Papio-Missouri River NRD will ask lawmakers to extend its authority to issue bonds
The Papio-Missouri River Natural Resources District is laying the groundwork for another 10 years of dam construction and flood control projects funded through added debt.
At a recent meeting the board voted 7-3 to ask the Nebraska Legislature in 2019 to extend the NRD’s bonding authority — something the Legislature first granted in 2009, but limited to 10 years.
The bonds’ debt is paid off through property taxes. Bonds are the NRD’s primary mechanism for funding dams and other flood-control projects. The permission granted in 2009 is due to sunset in 2019.
The district, which covers Douglas, Sarpy and Washington Counties and parts of Burt, Thurston and Dakota Counties, is the only one of 23 NRDs in the state that has general obligation bonding authority.
So far the NRD has issued nearly $71.5 million in debt to finance several projects: Western Sarpy Clear Creek and Waterloo/Floodway levees; the Kramper Lake/Danish Alps, Prairie Queen and Dam Site 15A reservoirs, and the Zorinsky Basin 1 water-quality project.
The district pursued bonding authority because it allows the NRD to tackle more projects than it would otherwise take on, and do so faster, which helps keep costs down, said John Winkler, the district’s general manager. Winkler said this also allows the district to purchase land earlier and at a lower cost than would be the case once an area develops.
Since the 2000s, efforts to give the NRD bonding authority have been opposed by taxpayer advocates and others.
Board member Ted Japp of Blair voted against the proposal at the NRD board’s Jan. 4 meeting. His main concern? Too much debt, he said.
“There is a sunset provision in this ... for a reason,” he said.
The district spends $4.4 million per year on debt service; its annual budget for the 2018 fiscal year is $66.7 million.
“We’ve got enough debt as it is, and I didn’t want to add to it,” Japp said.
The NRD’s property tax rate this year is 3.7797 cents per $100 of assessed valuation, so the owner of a home valued at $100,000 pays about $37.80 per year to the NRD. Of that, $5.52 per year goes toward the NRD’s debt service, Winkler said.
The three members who voted no were Japp, John B. Wiese of Papillion and David Klug of Gretna. Mark Gruenewald of Omaha was not present.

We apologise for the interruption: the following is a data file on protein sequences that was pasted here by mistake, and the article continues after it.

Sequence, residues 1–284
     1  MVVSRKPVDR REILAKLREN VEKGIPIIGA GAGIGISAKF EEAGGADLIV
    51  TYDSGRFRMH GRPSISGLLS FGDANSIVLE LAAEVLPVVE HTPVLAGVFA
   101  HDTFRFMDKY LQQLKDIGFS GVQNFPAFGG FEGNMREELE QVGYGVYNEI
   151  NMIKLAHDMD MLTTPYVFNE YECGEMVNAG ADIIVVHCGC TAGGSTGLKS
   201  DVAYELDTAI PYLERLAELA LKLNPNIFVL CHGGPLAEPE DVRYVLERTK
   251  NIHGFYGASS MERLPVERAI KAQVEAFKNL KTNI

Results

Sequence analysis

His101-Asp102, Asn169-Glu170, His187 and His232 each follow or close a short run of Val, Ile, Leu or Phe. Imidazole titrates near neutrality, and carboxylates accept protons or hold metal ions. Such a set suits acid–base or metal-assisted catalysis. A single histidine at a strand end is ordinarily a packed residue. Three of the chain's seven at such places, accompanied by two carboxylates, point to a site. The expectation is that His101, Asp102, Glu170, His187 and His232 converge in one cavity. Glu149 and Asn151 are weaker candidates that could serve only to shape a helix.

Also opposed is Shawn Melotz of rural Bennington, who is the president of the Papio Valley Preservation Association. She said the NRD’s budget has gone up dramatically since 2009. The budget was $44.2 million in 2008 but peaked at almost $93 million in 2014 before coming down to its current level.
Melotz also opposes the continued construction of dams. Instead, development of flood plains should be limited, she said. Parks with soccer fields, playgrounds and baseball diamonds should be built in flood plains instead of housing so that the space can absorb flooding more safely.
“I’m concerned that with bonding (the NRD) will ignore the less costly measures that could be used,” she said. “It’s just a matter of intelligent design of neighborhoods. Put the swingset where it’s going to flood, not the house.”
Obtaining bonding authority has not been easy for the district.
In 2007 and 2008 the Legislature turned back efforts to do so, before authorizing it in 2009.
And in 2016, local voters rejected the NRD’s effort to double its bonding authority.
According to information provided by the NRD, the dam system provides $25.1 million in benefits and savings annually to the watershed.
Board member Jim Thompson of Omaha spoke in favor of pursuing the bonding authority extension at the meeting.
“As we were trying to get ahead of flood control, this was a great tool,” Thompson said after the vote.
He likened the bonding authority to a mortgage: You don’t buy your house all at once. You don’t buy a dam all at once either.
“This way we can get those structures built and get it done,” he said.
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